The man didn’t take the hint. "It’s brutal," he said. "Every year it’s something. No starters, no closers; young bats, old bats." He sighed. "You a Phillies fan?" he asked.

Thomas took a sip. "Not really – I just love the game."

"Yeah," the man said. "But I love the Phils, too, even though they break my heart. I guess that’s just being a fan. I keep showing up and watching. And praying." The man laughed. "And someday, they’ll win. It might take nineteen hundred and thirty odd years, but they’ll win."

"Mm," Thomas said again.

"It’s not easy," the man continued, offering Thomas a handful of peanuts. Thomas shook his head. The man popped them in his mouth and continued. "There are some years when I’ve just had enough. I think, this is it – they’re really dead now. There’s no way they can come back from this. No trade, no amazing up-and-comer, no miracle coaching switch is going to help them next year. They’ll be as dead in spring training as they are right now, and they’ll just keep dying, all season long." Thomas took another sip and kept his eyes on the game. The man sat up. "But then every year, I find myself back here, waiting and watching and – oh, I dunno – caring. Every year I find myself filled with…well…hope, wouldn’t you say?"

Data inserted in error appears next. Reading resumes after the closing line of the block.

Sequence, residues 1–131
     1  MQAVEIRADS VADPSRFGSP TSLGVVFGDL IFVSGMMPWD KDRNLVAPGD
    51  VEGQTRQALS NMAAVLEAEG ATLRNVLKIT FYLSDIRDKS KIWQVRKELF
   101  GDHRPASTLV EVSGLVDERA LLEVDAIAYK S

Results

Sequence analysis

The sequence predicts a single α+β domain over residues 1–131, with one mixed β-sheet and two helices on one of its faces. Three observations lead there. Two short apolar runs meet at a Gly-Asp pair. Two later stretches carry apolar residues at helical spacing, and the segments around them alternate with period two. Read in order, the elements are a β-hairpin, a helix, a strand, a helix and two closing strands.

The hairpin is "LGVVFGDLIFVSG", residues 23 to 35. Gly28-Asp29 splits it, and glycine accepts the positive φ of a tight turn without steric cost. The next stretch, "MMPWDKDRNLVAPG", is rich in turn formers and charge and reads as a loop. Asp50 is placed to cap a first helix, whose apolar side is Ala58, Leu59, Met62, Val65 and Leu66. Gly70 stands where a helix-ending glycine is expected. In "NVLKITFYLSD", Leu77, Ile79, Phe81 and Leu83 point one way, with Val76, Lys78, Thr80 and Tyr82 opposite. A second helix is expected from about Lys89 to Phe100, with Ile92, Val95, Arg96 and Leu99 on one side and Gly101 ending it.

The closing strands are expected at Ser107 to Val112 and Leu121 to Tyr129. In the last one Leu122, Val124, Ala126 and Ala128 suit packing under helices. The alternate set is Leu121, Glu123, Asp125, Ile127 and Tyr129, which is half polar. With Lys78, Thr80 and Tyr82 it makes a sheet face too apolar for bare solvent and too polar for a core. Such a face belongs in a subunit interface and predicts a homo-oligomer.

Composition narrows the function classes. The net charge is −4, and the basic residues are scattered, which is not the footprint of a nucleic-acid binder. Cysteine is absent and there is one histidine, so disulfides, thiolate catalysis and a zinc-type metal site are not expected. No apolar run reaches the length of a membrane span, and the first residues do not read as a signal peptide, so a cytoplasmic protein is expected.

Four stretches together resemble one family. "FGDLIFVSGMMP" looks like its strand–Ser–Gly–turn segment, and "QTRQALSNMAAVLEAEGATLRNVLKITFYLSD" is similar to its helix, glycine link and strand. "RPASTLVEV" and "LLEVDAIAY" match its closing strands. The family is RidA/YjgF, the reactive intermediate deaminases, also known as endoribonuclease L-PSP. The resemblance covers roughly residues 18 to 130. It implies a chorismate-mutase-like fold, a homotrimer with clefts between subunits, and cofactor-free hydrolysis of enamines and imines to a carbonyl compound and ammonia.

Thomas glanced over. He saw the man, still now, looking over at him with a twinkle in his eye. But Thomas wasn’t interested in twinkling eyes and philosophical barflies. "I suppose so," he said, directing his gaze back at the TV.